Posts Tagged ‘trout vision


How Do Trout Take A Fly?

“So how do trout feed? I delved into my own fishing book library, the public library, and searched the Internet. How much information did I get? Very little indeed. There are literally thousands of books on what, where and when trout feed, but very little that I could find on how trout feed.  What information I could find confirmed that trout do feed by ‘engulfing’ their prey,…” Bish & Fish re the take  

This Trout took a streamer that was being stripped back in a hurry. There was no doubt of the take….the actual ‘how’ can be better explained by Bish. I know that during a day’s fishing, I often ‘miss’ quite a few takes. The why’s of that have been open to speculation (retrieval speed, fly design, ‘far sighted’ fish). Seems the possibilities are endless on the how’s, or are they?


Fly Fishing: Fish Cone of View (Presentation Awareness)


This is one of the more intriguing parts of dry fly fishing and how to approach rising fish. The cone of view is not just relevant to how the fish sees the fly/insect, but also how that fish can see you, your rod and zipping line at times.  The deeper the fish is the bigger the cone of view to the surface and to the sides (consider your rod tip and upper body as potentially visible). This is why you will see fly fishers often depicted as crouching stream/lake side to avoid detection via their movements.  Truly, the beginner will learn over time as fish are spooked. Eventually, a holding/cruising fish will challenge you to slow down, reconsider your presentation and hold your breath.

Cone of View/Window @ TalkFlyFishing


Fly Fishing: Trout’s Color Perceptions

Jerry at Trout U~Fish Smarter writes a thought provoking piece re a trout’s color perceptions relative to water clarity. Worth a look see and an experiment or two.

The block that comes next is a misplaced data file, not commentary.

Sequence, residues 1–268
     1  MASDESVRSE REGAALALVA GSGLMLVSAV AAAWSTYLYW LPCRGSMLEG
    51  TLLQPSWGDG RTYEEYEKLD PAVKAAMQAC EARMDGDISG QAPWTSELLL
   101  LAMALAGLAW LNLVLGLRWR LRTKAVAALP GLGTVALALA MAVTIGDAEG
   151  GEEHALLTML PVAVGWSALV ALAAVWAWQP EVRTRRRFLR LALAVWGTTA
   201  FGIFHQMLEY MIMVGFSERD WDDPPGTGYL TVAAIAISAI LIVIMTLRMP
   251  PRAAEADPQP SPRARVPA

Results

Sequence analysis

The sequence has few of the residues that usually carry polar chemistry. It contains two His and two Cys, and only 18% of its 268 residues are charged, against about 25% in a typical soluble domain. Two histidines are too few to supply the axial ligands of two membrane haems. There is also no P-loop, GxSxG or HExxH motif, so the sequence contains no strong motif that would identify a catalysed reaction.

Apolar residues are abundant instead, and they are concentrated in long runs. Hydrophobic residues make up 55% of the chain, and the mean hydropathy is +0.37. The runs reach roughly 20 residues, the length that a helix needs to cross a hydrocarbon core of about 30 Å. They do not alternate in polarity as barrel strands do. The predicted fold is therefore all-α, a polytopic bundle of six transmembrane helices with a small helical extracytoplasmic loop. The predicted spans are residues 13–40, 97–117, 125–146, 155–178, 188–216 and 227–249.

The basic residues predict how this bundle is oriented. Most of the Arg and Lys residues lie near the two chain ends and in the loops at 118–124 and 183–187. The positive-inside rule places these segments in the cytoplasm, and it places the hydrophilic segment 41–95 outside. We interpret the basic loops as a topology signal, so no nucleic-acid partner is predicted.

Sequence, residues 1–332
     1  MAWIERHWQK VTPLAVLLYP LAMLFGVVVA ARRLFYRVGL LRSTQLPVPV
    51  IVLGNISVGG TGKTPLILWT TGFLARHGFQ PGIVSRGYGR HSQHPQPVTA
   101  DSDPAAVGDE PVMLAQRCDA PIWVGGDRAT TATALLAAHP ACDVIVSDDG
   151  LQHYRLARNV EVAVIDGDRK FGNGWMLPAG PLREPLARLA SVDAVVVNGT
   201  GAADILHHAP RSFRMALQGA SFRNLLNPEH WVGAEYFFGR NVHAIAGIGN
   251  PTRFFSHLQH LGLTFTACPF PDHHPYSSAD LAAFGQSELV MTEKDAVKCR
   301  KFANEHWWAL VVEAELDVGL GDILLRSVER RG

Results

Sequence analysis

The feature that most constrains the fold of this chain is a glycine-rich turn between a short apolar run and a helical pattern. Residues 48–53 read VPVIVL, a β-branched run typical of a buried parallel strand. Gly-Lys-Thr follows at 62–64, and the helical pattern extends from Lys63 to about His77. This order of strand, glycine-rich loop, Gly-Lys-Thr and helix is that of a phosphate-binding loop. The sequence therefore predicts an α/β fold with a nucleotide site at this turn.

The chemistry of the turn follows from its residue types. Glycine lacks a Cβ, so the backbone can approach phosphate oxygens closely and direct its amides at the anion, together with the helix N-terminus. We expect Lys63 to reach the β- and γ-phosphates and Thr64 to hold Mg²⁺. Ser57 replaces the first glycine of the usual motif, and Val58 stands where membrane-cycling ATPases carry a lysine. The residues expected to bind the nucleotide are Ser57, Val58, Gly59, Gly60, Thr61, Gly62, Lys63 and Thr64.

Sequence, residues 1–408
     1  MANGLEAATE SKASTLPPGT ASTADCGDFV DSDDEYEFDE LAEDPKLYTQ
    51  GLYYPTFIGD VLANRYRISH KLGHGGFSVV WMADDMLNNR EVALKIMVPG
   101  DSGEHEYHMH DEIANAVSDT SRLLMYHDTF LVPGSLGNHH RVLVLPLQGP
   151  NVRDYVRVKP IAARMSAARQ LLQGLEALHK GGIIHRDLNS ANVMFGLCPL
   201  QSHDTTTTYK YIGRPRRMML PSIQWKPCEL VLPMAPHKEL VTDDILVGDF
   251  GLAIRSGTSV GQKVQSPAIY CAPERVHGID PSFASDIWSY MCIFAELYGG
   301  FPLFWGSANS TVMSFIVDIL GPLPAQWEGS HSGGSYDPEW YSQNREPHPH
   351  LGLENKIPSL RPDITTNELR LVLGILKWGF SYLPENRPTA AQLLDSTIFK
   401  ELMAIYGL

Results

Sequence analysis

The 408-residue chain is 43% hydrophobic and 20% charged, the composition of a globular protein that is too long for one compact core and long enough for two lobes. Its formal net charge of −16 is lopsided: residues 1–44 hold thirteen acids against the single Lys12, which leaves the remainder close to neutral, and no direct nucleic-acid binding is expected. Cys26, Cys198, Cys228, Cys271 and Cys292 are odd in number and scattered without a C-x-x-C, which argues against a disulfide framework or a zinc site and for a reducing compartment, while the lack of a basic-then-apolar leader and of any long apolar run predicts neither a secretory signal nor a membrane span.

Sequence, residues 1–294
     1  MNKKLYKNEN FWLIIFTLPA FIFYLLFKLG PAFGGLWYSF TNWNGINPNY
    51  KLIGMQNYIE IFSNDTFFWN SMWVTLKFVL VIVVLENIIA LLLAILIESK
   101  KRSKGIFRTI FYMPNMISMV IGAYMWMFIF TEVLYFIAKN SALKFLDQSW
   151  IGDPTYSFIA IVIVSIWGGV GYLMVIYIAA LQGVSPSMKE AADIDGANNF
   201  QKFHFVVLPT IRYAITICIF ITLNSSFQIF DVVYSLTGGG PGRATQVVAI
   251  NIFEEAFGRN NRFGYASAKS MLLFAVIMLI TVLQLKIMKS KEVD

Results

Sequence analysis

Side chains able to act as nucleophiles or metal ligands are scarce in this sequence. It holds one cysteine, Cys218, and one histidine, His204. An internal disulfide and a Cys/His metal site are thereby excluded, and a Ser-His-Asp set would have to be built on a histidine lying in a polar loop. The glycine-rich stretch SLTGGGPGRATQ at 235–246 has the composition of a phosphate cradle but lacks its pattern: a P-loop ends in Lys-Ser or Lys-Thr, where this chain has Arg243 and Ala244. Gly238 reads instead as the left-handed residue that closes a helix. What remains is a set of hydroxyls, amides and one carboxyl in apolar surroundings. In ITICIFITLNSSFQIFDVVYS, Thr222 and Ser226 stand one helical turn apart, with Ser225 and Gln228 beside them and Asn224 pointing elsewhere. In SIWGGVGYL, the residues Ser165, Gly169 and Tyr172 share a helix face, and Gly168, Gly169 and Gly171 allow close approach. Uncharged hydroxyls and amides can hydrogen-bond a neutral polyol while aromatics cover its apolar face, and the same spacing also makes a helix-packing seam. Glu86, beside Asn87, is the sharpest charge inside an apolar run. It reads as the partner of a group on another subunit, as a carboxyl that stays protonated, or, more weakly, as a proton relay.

1. Trout do indeed have color vision, but it is limited to relatively clear, shallow, water and short distances, so at close range, the trout can see the full detail of color.
2. Trout can discern differences in shades with the highest in blue, then red and then green shades.
3. The color red appears brighter than it does to humans, but quickly becomes black at greater distance.
4. The ability to detect color is greatly impaired and completely eliminated within 12 feet.
5. Impurities in the water or stained water makes colors less significant, but under these conditions, white will remain the best.
6. In the low light conditions of dawn or dusk, trout can not distinguish color. Black, then, becomes the most visible.

I highlighted a similar piece in April of 2008 that is equally interesting entitled Trout’s Vision…The Ultralight Factor.

The Universe’s Spectrum and the place of Green…interesting too.


Woolly Bugger (Claret Is My Jinx Color) Can They Even See It??

Claret Bugger~Unrequieted Love, SwittersB

Claret Bugger~Unrequited Love, SwittersB

Woolly Buggers. A proven pattern in black, green, brown, yellow, and claret. Claret? Always a recommendation. Listen to a Chan. Listen to my accomplished stillwater friends. ‘What did you catch it on?’ “A maroon bugger’. Maroon, Burgundy, Claret no matter, the darn color does not work for me. I fish it like a bugger, not some bloodworm. Nothing. I always have a half dozen with me. Again, a proven color. Not for me.Why? Not sure. I have given it a fair try many times from B.C. to Oregon. Not one damn fish. Big, small, standard Bugger, or dubbed…the color fails me.  Can they see it? It moves and waves…it satisfies my impressionistic code. Impossible my friends say. You aren’t fishing it right. I fish it like I fish black, or green. Nada. Bizarre. It will remain in the box because sure as hell I will need it someday.   

Notice the above pattern for one detail, which no fish has thus far tested in this color, the reinforcing rib is wound up through the hackles to lend support to the palmered hackle should the fish teeth tatter the poor offering. No way in hell with claret….but of value in productive colors. 

Trout Vision may be the culprit…that gap in their vision. Maybe I do have to use a scent attractant?  


Borger’s FF podcasts via Mountain River Journal

rising_rainbow_em-a1Fish Vision

The Mountain River Flyshop out of Cotter, Arkansas operates a blog at Mountain River Journal. This podcast by Borger is an example of great learning tools for the beginner or more experienced as well. A very good blog site…visit it often.  (

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